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I am trying to understand what is a conceptual difference between unix root account and windows local admin. I am a developer and despite IT department efforts were always given local admin rights so I could install whatever I want on my local PC.

But for some reason (and I think it should be a good one) I am just a user in our linux system. That makes it is impossible to me to sudo things - e.g. to get software installed from repositories, etc.

I suppose it is because root permissions grant much more privileges than local admin rights on windows. Is that the case?

Also is it possible in unix to grant particular user rights to install software e.g. using apt-get or yum?

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I don't know much about Windows' administration, but I don't think there's much difference between Windows' admin and Linux' root. (I may be misunderstanding something, but from your question I infer everyone in your company has a Windows normal PC or fat client, and a Linux thin client or simple user SSH access)

It is normal practice not to give root access on thin clients (since it's company-wide root access) while letting users administrate their own PCs isn't a problem.

You can't install sofware with the package manager (apt-get/yum/...) since it requires root access. You may either request your sysop to install the needed packages, or install them locally in your home directory (which you have write access to, thus not requiring root).

For installing in your home directory, you can use the following procedure (I'll use a real life example with Screenfetch, adapt it to your needs) :

  • create a specific folder for the software you install in user space: mkdir ~/local
  • go in that folder: cd ~/local
  • download the sofware you want to install: wget http://git.silverirc.com/cgit.cgi/screenfetch.git/snapshot/screenfetch-3.2.0.tar.gz
  • extract the archive: tar -zxf screenfetch-3.2.0.tar.gz
  • read the README to check the specific tasks that may be needed to build/run the software
  • make the binary executable: chmod +x screenfetch-3.2.0/screenfetch-dev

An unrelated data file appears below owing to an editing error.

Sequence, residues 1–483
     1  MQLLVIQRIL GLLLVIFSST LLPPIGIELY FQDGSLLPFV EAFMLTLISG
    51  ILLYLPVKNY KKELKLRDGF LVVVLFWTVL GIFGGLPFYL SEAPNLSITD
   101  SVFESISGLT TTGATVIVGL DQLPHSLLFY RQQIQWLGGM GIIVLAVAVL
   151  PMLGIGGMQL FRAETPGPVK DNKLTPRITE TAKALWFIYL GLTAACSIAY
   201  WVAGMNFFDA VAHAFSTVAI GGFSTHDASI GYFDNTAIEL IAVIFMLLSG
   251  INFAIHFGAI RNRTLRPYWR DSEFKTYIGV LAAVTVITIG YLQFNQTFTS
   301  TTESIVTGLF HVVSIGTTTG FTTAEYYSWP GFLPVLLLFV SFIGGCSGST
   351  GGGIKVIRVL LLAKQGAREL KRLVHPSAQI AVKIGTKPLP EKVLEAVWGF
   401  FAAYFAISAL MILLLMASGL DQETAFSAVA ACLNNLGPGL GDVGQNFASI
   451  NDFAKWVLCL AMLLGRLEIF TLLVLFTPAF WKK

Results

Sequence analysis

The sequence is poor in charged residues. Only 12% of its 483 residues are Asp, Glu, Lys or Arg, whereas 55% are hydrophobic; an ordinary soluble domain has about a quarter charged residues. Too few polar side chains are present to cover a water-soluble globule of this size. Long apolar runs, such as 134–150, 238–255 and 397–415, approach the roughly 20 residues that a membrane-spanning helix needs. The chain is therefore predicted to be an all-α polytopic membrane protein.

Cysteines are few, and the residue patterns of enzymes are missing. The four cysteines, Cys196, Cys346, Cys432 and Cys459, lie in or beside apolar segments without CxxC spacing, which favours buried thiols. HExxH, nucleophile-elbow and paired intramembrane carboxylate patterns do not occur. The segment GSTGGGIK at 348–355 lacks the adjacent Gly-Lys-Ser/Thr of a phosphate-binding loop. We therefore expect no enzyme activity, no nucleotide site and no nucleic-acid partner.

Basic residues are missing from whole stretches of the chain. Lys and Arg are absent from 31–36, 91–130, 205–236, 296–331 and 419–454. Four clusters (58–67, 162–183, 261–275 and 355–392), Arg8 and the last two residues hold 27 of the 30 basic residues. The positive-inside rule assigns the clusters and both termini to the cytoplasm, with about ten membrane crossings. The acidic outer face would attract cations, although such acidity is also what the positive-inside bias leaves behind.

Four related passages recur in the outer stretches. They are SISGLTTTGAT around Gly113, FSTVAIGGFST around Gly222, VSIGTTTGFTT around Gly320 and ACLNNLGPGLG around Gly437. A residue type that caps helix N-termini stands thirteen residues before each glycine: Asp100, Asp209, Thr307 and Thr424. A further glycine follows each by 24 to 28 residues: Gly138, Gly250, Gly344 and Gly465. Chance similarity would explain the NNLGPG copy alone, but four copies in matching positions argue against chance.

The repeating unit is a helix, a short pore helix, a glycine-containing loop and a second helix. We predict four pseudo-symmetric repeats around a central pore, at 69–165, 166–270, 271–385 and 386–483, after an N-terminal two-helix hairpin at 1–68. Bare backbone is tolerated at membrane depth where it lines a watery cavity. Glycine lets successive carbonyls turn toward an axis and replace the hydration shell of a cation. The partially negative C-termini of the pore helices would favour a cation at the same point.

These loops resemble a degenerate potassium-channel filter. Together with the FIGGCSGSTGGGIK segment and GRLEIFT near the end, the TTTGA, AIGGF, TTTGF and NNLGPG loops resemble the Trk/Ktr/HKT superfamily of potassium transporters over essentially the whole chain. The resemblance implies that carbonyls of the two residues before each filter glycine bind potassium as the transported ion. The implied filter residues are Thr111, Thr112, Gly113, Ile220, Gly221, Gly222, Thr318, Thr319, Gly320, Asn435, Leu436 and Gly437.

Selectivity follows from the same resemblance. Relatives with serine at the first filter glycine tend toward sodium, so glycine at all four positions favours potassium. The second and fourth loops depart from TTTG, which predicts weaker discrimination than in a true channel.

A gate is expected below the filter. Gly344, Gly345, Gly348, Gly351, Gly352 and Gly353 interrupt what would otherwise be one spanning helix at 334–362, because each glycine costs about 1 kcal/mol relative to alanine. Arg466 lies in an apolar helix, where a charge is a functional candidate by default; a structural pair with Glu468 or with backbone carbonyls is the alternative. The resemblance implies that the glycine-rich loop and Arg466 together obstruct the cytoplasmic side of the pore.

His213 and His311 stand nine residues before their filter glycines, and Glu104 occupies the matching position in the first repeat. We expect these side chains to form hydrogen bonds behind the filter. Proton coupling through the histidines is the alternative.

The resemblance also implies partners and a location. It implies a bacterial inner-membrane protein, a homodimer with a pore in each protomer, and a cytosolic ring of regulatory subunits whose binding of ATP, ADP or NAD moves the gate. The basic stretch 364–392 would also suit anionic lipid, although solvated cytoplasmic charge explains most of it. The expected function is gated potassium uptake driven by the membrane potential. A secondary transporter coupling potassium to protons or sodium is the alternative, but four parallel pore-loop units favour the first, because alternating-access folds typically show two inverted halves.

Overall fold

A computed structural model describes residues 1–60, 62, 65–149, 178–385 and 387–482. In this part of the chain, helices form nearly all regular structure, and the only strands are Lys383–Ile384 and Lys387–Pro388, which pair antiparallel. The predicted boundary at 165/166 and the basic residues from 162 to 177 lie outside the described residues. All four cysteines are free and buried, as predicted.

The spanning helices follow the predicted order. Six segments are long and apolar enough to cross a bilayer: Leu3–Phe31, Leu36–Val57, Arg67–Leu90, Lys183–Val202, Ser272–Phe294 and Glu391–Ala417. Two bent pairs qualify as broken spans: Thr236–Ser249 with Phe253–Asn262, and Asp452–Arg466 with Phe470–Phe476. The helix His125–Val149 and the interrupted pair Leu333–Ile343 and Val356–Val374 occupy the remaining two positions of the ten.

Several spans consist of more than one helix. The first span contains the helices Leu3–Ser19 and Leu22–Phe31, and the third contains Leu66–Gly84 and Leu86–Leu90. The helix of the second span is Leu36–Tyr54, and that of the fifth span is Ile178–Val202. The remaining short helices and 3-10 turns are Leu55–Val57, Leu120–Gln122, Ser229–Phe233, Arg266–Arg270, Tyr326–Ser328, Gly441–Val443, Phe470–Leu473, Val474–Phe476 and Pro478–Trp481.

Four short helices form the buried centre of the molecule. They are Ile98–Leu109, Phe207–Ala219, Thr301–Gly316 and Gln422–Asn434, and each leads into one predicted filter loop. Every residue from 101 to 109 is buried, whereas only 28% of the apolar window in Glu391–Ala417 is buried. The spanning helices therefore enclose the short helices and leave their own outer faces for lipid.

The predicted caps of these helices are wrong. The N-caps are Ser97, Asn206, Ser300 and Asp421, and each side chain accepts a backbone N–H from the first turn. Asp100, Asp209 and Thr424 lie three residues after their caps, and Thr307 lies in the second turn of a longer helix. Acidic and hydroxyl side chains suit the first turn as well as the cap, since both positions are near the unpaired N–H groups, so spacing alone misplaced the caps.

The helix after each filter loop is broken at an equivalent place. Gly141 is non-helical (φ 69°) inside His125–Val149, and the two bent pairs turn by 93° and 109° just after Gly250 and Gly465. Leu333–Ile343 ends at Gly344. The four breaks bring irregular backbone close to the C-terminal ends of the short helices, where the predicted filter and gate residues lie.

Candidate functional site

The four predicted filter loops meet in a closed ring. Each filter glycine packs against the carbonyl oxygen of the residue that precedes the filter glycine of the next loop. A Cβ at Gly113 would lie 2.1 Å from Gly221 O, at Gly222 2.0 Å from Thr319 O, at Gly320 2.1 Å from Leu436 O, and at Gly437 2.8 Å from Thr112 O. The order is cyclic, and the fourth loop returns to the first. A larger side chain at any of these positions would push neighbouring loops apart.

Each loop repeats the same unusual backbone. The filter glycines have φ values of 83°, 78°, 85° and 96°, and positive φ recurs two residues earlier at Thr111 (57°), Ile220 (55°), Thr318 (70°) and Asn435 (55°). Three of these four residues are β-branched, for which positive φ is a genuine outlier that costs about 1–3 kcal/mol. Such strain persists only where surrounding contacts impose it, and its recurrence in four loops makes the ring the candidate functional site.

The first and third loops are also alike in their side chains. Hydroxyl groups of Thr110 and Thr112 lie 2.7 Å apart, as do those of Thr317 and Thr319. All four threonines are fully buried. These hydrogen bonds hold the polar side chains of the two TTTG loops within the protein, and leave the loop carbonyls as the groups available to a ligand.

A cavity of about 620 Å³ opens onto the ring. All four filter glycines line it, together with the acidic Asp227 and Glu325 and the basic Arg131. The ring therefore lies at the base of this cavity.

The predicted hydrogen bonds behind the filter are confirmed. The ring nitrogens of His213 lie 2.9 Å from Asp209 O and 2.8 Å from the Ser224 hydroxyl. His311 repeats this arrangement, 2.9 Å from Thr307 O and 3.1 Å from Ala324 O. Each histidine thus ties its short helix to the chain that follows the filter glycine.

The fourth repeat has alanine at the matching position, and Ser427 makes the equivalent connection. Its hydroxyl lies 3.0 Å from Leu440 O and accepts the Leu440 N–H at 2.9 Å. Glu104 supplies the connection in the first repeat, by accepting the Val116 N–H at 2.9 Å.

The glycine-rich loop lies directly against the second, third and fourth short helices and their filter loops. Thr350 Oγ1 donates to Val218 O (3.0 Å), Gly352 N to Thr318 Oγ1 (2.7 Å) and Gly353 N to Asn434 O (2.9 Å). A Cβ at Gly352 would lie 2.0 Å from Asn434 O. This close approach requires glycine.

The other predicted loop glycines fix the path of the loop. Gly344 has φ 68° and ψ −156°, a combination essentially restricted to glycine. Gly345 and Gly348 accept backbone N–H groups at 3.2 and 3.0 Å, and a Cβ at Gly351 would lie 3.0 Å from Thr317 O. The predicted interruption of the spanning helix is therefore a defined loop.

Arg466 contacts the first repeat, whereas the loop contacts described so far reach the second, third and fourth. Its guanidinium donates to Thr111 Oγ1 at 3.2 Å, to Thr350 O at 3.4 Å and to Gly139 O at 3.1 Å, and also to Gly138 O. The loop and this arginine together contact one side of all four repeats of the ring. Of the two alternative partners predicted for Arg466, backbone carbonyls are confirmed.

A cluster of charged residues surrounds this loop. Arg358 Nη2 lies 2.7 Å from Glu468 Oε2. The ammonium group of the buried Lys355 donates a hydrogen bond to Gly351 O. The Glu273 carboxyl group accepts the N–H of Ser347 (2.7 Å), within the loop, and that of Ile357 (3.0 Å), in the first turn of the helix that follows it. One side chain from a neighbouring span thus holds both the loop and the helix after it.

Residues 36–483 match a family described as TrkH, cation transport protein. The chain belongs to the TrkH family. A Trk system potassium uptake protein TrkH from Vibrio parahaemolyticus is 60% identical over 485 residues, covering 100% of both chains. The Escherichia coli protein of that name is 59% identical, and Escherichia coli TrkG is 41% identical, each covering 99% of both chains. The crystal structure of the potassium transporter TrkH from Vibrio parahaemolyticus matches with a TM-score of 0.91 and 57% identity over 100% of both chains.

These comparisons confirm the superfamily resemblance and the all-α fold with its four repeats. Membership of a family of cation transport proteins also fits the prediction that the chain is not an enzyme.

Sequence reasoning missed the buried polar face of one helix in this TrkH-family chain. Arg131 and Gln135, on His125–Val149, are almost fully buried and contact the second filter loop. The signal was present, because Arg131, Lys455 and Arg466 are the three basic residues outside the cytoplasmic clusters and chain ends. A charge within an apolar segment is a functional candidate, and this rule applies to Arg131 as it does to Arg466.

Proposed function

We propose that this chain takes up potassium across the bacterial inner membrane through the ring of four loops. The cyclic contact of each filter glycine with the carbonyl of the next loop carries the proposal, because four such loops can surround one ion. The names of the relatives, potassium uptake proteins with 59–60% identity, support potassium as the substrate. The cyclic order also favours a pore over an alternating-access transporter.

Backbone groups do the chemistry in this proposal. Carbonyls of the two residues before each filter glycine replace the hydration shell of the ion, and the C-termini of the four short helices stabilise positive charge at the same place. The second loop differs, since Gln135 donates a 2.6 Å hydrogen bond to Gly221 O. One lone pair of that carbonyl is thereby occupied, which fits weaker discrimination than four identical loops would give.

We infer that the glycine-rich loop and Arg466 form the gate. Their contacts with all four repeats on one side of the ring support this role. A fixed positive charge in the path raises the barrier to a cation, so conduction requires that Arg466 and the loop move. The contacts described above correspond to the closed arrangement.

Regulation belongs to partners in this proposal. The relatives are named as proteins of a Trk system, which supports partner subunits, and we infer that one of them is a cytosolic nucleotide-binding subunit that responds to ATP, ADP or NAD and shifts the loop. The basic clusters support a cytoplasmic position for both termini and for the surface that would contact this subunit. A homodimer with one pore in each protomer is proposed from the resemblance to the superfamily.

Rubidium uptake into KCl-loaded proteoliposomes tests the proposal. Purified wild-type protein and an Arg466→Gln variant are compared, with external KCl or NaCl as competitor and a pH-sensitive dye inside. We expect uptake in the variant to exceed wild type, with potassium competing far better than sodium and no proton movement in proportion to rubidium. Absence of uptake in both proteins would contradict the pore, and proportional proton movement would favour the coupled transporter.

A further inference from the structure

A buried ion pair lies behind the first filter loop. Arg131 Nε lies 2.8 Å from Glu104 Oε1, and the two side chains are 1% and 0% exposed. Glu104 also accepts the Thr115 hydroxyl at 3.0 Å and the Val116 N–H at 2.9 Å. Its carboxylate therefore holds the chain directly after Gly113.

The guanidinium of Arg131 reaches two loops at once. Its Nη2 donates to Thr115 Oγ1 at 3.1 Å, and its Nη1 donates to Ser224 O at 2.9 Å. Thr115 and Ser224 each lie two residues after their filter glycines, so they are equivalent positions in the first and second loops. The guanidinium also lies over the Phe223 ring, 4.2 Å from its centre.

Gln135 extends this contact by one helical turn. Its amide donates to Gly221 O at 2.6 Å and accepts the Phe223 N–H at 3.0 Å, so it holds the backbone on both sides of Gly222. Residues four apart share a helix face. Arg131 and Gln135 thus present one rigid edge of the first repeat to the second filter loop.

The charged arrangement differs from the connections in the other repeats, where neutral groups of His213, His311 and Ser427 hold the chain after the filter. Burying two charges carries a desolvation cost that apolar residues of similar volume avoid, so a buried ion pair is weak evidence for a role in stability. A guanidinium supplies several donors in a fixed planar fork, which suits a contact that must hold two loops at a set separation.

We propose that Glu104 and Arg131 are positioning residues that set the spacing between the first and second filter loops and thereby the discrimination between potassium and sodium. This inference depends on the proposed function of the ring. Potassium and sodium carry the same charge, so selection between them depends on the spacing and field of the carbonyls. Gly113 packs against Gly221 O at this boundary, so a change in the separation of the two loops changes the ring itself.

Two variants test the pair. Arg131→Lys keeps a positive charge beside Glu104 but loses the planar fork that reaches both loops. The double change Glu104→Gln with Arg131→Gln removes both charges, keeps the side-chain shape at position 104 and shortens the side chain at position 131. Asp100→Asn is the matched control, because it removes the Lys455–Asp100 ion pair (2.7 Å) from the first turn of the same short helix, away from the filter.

• add a shortcut or an alias to launch your software (may change a lot depending on your distribution, shell and desktop environment) In my example, I want to launch screenfetch from command-line on my work desktop (Linux Mint 13 with Bash) so I'll add the following line to my ~/.bashrc file: alias screenfetch='~/local/screenfetch-3.2.0/screenfetch-dev'
  • No, we have both Windows PCs and Linux PCs (not just a thin client - but the actual box) and while we do have local admin account on Windows PC we are not given local root access on Linux PCs. This is why I wonder - perhaps there is no such thing as a local root, and the root can only be global, e.g. like a Active Directory admin on Windows. What do you mean install them locally, I assume one can only install things locally, how can I do that without root access? – Mitten Oct 11 '13 at 9:42
  • @Mitten: edited my answer to help you install software. Locally was a literally-translated word, which was already inaccurate in French. If I'm not mistaken, the correct way to name it is installing in user-space. Unfortunately, I don't have any experience with company-wide IT management, so I can't call if there is indeed an Active Directory equivalent managing your company's Linux computers. (if there's no such limitation, your sysop's practice are inconsistent, but I guess there's not much to do about it) – François Lecomte Oct 11 '13 at 10:45
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I suppose it is because root permissions grant much more privileges than local admin rights on windows. Is that the case?

That is not the case (at least not in principle), but one major difference is in how the user (account) is identified. A local admin account on Windows has its own SID (security identifier) distinct from any other account, and thus can easily be differentiated from any other local admin account (on the same or on a different computer), while all root accounts share the same numerical user ID and thus cannot easily be told apart.

Depending on the setup, this can be a major obstacle for giving users even "local" root access. One potentially serious issue I can think of off the top of my head is NFS user IDs.

Also is it possible in unix to grant particular user rights to install software e.g. using apt-get or yum?

You can set up sudo to allow such things, but it'd probably be a gaping security hole. What if you make and install a package that amends the sudo configuration, installs a setuid root shell, or anything else along those lines? Suddenly, your supposed "restricted" root access has granted the user full root access to the system. Even "mundane" things like sudo editors for editing particular configuration files must be carefully implemented to avoid introducing similar serious security vulnerabilities.

  • +1 Of course in the particular case of NFS UID's you can (must?) use the root_squash option or the all_squash option if you're extra paranoid. – Joseph R. Oct 11 '13 at 12:02
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    @JosephR. Of course, but that was only an example. I would be surprised if it's the only issue. – a CVn Oct 11 '13 at 12:23
  • Agreed of course. Hey, lots of of courses there :) – Joseph R. Oct 11 '13 at 12:23

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